Ochenski: The first wave

Racicot's spending spree comes home to roost



Montana’s budget woes are but the first wave of repercussions to hit the state from former Gov. Marc Racicot’s policy blunders. Unfortunately, the mainstream media ignored Racicot’s spending binge during his tenure while mewling over his charming personality. As a result, Racicot’s ratings skyrocketed, he became one of Bush’s hatchet men during his presidential campaign, and wound up with a fat Washington, D.C. lobbying job as his reward. But in Montana, the state he left behind, the grim results of these bad policies are now so apparent that even the mainstream media can no longer ignore them. Even worse, the same policies are now showing up on the national level.

This week the first in a series of Special Reports from the Lee newspapers took a long-overdue look at the recent past. Not surprisingly, they found that Racicot’s runaway government growth was built on what now appear to be incredibly shaky assumptions. Rep. Dave Lewis (R-Helena) is the former Budget Director for a number of Montana’s governors (including Racicot) and now, as a legislator, must face the fiscal morass. “We did start increasing spending in these years, but it was because we had a big jump in income taxes” Lewis told reporters. “In 20-20 hindsight and all that, we should have spent about half of it and saved about half of it. We wouldn’t be trying to take money out of the Coal Trust today if we had built up a rainy-day fund.”

Unfortunately, Lewis’ “hindsight” is fatally flawed by his own party’s foundational beliefs. Republicans do not support the idea of having the government “save” large sums of money, and their political philosophy has always been that “extra” money would be better spent by giving it to business ventures. That very philosophy resulted in hundreds of millions in tax cuts for corporations during the Racicot years, the bet being that more taxes would flow from a theoretical increase in economic activity. But as Missoula’s Sen. Jon Ellingson told reporters: “We now know that is nonsense.” This same philosophy is glaringly evident in Bush’s $1.3 trillion tax giveaway—the vast majority of which goes to the already wealthy. And while that policy may also fail to generate more revenue, it will undoubtedly make Bush’s rich friends a lot richer.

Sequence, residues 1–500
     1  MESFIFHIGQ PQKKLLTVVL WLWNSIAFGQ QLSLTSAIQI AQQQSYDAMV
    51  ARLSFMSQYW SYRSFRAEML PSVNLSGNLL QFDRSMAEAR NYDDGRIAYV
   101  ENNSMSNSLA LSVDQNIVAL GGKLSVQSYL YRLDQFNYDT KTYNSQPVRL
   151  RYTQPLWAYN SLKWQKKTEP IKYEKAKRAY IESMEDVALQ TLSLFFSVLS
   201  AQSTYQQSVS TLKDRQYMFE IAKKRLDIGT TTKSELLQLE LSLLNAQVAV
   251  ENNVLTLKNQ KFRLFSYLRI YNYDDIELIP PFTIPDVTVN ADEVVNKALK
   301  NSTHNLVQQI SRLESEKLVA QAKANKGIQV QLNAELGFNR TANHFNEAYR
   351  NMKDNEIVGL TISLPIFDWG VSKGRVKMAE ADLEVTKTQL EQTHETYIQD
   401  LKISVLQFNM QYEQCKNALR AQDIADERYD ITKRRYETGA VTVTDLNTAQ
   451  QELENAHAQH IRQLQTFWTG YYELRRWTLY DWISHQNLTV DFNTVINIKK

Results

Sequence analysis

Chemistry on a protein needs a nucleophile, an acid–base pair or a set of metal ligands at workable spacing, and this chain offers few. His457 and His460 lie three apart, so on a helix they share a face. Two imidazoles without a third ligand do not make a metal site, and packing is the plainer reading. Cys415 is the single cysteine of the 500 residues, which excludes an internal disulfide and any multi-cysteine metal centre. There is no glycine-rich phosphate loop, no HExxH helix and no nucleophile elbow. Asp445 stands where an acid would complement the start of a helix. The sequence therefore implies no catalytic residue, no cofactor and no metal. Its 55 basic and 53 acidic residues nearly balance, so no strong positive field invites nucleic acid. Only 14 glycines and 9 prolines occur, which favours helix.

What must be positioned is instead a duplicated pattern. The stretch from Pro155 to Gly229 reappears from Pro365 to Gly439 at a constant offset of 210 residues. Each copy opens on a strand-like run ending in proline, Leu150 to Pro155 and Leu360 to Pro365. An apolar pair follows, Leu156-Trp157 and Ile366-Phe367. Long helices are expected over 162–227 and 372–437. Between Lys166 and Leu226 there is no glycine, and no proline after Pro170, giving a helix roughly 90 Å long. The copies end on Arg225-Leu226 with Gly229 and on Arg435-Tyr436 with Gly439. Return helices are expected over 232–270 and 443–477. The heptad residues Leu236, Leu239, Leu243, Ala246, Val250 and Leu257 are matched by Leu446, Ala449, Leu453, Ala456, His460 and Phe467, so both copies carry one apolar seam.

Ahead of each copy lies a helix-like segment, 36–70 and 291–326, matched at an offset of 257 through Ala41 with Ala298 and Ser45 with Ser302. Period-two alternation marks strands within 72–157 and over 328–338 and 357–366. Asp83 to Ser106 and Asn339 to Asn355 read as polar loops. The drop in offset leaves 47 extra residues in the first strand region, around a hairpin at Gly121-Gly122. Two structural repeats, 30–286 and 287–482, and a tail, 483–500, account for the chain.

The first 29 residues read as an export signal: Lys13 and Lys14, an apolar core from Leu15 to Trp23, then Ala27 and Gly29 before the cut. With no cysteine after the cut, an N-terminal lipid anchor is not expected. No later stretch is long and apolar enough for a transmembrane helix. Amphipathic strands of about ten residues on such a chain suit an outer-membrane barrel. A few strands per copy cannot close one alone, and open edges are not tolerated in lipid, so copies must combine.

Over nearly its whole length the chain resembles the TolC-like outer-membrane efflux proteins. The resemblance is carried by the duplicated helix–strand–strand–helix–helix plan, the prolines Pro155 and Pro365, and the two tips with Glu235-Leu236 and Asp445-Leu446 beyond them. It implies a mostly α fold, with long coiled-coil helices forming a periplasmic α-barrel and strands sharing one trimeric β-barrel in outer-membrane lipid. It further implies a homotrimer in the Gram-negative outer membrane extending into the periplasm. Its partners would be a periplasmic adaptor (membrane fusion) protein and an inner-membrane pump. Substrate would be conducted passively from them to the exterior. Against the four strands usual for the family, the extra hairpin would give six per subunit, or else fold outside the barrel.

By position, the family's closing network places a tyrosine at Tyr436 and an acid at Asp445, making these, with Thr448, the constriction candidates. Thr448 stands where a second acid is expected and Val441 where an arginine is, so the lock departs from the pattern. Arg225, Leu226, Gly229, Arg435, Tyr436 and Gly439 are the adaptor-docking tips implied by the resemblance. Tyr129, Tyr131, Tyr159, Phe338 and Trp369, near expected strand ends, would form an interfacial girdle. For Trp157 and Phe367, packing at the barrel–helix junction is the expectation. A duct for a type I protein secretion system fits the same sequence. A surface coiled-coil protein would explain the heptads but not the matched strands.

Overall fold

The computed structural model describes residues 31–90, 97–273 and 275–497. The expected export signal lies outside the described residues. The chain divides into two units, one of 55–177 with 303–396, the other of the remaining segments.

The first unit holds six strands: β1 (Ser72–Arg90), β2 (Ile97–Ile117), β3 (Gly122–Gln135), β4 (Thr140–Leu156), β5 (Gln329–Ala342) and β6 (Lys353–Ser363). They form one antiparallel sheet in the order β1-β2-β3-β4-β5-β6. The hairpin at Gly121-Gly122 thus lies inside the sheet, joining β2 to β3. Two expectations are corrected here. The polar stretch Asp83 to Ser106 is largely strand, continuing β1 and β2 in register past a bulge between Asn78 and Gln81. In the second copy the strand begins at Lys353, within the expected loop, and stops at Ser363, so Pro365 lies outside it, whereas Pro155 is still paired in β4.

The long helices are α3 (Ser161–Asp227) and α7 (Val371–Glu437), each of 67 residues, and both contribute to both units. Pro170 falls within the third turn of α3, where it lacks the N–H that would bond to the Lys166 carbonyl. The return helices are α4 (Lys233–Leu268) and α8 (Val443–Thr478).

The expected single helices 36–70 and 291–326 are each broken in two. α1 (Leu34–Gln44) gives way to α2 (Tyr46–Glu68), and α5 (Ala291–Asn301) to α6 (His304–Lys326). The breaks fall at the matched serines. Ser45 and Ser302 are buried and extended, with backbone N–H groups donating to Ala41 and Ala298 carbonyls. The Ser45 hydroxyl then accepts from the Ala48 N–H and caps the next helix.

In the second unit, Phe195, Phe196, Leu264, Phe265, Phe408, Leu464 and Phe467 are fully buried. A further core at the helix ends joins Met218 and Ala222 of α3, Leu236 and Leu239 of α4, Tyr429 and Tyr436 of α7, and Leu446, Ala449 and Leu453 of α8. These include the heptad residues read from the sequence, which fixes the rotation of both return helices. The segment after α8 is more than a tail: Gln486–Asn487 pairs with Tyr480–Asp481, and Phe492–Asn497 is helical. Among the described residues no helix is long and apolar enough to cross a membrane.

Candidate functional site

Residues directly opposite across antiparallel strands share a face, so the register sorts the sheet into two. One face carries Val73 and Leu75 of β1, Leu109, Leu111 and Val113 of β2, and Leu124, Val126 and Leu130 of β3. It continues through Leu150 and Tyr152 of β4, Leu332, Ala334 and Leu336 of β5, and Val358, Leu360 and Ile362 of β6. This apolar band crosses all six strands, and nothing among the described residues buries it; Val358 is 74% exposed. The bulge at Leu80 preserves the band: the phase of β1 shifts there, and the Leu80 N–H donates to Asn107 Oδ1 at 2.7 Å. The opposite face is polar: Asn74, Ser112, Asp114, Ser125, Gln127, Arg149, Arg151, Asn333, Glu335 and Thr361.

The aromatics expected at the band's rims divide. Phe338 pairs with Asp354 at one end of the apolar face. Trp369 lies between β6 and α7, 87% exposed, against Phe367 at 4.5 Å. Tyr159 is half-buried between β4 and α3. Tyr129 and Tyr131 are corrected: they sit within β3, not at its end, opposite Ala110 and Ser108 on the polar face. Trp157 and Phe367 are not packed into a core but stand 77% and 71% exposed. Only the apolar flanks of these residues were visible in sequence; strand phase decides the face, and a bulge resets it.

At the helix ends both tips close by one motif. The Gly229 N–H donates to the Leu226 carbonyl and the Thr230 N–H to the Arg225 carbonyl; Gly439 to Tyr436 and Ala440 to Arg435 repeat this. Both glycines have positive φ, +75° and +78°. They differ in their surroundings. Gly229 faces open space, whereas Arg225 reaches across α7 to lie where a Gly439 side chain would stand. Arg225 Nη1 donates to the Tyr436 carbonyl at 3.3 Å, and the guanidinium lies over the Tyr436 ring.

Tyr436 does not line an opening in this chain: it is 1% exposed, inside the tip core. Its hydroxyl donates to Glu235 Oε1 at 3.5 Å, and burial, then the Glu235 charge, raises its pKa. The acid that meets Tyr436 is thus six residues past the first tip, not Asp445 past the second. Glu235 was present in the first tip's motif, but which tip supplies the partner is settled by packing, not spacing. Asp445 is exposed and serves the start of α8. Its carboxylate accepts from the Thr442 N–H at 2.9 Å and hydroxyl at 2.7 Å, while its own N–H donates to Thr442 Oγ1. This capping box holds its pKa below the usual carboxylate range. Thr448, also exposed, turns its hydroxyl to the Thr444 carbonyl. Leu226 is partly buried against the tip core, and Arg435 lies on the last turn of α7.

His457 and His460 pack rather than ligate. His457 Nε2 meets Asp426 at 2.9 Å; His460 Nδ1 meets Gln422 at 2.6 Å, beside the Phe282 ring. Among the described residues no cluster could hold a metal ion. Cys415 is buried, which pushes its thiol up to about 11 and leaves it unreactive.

Lewis is also off base about raiding the Coal Trust. While he is correct that Repubs hope to bust the Trust for $100 million to balance the budget this session, that’s nothing new. For at least the last two decades Republican leaders have tried desperately to garner enough votes to spend the Trust. Again, going back to their core political philosophy, Republicans simply do not believe in government trusts and would gladly have beggared the Coal Trust for business “investment,” “infrastructure,” or the day-to-day expenses of government. Luckily for Montana, they were unable to garner the three-fourths vote of each house of the legislature necessary to bust the Trust during the last two decades—and they are just as unlikely to muster those votes this session.